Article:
The Electric Lady
Janelle Monáe is a time lord.
No, I don’t mean that in a joking “she should be the next Doctor” sort of thing. (Though, in my perfect world, she is the Twelfth Doctor, Patrick Stump and Idris Elba are her companions, and Jane Espenson is the head writer.)
No, I mean that I’m fairly certain Janelle Monáe is an honest-to-goodness time lord. Or at least a fairly nimble time traveller who hasn’t been caught yet. Because how else can you explain how she manages to flawlessly combine multiple music genres in a story about oppression, representation, freedom, and love in the 26th century that rings true in our supposedly modern times.
If there’s any truth to the prelude written in the liner notes of The Electric Lady, maybe she is.
For those that don’t know, Janelle Monáe is an Atlanta-based musician signed to Bad Boy Records and associated with the artist collective Wondaland Arts Society. If you don’t know her music, I’m sure you’ve at least seen her face in the makeup aisle of your local big box store since she’s now a spokesmodel for Cover Girl.
But that’s not what makes her the creator of one of the year’s best science fiction releases.
Since 2003, Monáe has been working on the Metropolis concept that was introduced into her music with the songs ‘Metropolis’ and ‘Cindi’ on her self-released EP The Audition. To summarize, Metropolis is the story of Cindi Mayweather, an Alpha Platinum 9000 android who is a famous performer in the futuristic city of Metropolis in the year 2719. She falls in love with a man named Anthony Greendown and has to go on the run because it is against the law for droids to fall in love. Especially with humans.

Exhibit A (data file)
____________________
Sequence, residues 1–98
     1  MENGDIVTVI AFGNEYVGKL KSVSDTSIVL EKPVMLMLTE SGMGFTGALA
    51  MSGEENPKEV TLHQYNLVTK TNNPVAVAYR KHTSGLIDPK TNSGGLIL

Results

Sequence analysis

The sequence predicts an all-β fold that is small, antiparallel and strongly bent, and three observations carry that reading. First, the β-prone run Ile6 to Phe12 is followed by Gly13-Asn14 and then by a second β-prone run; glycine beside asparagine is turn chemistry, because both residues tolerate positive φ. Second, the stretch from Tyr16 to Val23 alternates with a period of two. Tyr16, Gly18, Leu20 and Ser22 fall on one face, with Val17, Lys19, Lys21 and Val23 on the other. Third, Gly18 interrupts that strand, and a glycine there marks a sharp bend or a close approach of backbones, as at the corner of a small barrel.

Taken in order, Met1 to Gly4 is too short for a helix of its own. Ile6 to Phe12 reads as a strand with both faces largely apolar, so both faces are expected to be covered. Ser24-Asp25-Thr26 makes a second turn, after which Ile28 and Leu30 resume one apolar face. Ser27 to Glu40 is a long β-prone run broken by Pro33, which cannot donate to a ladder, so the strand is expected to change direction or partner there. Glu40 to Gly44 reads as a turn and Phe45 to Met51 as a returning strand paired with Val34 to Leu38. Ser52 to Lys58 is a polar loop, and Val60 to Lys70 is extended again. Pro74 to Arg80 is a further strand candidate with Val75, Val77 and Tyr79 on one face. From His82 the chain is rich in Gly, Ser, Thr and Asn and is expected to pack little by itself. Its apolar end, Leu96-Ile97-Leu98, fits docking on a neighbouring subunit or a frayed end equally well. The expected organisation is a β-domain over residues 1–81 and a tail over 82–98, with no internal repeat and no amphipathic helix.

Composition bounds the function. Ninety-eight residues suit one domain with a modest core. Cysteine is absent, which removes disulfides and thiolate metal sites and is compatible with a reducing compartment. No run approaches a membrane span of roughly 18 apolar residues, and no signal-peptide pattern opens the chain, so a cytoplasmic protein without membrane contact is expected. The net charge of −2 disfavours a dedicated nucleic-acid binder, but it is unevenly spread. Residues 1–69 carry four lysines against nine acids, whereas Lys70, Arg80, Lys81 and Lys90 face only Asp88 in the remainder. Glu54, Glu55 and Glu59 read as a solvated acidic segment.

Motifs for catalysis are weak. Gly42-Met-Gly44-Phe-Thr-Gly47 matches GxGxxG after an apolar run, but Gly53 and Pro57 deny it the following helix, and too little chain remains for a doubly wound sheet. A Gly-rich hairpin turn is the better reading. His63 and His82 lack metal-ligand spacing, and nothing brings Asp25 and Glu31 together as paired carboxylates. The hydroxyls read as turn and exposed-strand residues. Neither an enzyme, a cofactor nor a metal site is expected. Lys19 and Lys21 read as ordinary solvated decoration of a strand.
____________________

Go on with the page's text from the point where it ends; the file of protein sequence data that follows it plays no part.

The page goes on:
Well, that’s the simple version.
Metropolis: Suite I (The Chase) released in 2007 and was followed by The ArchAndroid which hosts Suites II and III in 2010. The Electric Lady is Suites IV and V, turning what was originally planned as a four part series into a seven part story with a ton of layers involving love, segregation, time travel, heartbreak, robots, elves, genetic clones, and Cindi being a savior. Not to mention that The Electric Lady is a prequel to The ArchAndroid and gives light to how Cindi is viewed by the droid populous of Metropolis.
I might be getting too much into the backstory now. Let’s talk about the music.
The first thing I really noticed about The Electric Lady is that it felt less experimental in nature than The ArchAndroid. This is not to say that Monáe’s usual brand of retrofuturism isn’t there and that there’s no experimentation at all because it very much is. I just didn’t feel the same sense of genre whiplash I felt listening to The ArchAndroid. Where The ArchAndroid was expansive, The Electric Lady is tight and slick while having the same amount of songs. This is a good thing though, because it works for its place in the Metropolis narrative.